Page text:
The design of winglets for high-performance sailplanes

Research output: Contribution to conferencePaperpeer-review

11 Scopus citations


Although theoretical tools for the design of winglets for high-performance sailplanes were initially of limited value, simple methods were used to design winglets that gradually became accepted as benefiting overall sailplane performance. To further these gains, an improved methodology for winglet design has been developed. This methodology incorporates a detailed component drag buildup that includes the ability to interpolate input airfoil drag and moment data across operational lift coefficient, Reynolds number, and flap-setting ranges. Induced drag is initially predicted using a relatively fast multi- lifting line method. In the final stages of the design process, a full panel method, including relaxed-wake modeling, is employed. The drag predictions are used to compute speed polars for both level and turning flight. The predicted performance is in good agreement with flight-test results. The straight and turning flight speed polars are then used to obtain cross-country performance over a range of thermal strengths, sizes, and shapes. Example design cases presented here demonstrate that winglets can provide a small, but important, performance advantage over much of the operating range for both span limited and span unlimited high-performance sailplanes.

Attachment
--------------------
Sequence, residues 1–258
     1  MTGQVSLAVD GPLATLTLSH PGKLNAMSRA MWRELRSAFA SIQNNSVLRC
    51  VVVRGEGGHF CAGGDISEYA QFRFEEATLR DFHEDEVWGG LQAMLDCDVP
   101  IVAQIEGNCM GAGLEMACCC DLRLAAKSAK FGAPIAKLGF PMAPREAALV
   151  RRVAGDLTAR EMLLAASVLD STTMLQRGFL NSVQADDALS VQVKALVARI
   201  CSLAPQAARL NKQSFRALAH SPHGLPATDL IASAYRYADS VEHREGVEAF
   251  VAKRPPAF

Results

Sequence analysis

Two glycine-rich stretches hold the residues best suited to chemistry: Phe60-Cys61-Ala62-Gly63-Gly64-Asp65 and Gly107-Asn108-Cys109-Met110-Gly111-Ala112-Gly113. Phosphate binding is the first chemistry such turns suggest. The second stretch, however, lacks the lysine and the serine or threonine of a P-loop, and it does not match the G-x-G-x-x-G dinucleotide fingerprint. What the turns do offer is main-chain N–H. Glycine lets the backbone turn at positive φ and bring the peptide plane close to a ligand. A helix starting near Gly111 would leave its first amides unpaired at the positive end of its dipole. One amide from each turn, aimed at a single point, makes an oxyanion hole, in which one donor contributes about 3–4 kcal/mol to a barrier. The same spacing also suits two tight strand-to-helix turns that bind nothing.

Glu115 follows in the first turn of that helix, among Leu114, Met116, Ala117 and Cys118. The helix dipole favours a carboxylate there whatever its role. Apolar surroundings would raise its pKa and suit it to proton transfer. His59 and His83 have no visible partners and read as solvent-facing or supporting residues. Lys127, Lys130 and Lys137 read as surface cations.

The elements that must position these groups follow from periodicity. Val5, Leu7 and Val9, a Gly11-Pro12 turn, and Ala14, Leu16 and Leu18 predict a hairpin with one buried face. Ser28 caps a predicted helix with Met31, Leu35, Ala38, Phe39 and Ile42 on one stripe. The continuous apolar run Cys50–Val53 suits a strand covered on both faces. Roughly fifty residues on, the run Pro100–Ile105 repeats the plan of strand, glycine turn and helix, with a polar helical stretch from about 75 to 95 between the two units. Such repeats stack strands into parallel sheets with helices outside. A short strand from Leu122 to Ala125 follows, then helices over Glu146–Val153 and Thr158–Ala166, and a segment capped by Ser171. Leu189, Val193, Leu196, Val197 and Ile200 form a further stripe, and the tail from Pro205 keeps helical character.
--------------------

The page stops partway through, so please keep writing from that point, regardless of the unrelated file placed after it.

Original languageEnglish (US)
StatePublished - Jan 1 2001
Event19th AIAA Applied Aerodynamics Conference 2001 - Anaheim, CA, United States
Duration: Jun 11 2001Jun 14 2001


Other19th AIAA Applied Aerodynamics Conference 2001
Country/TerritoryUnited States
CityAnaheim, CA

All Science Journal Classification (ASJC) codes

  • Aerospace Engineering
  • Mechanical Engineering


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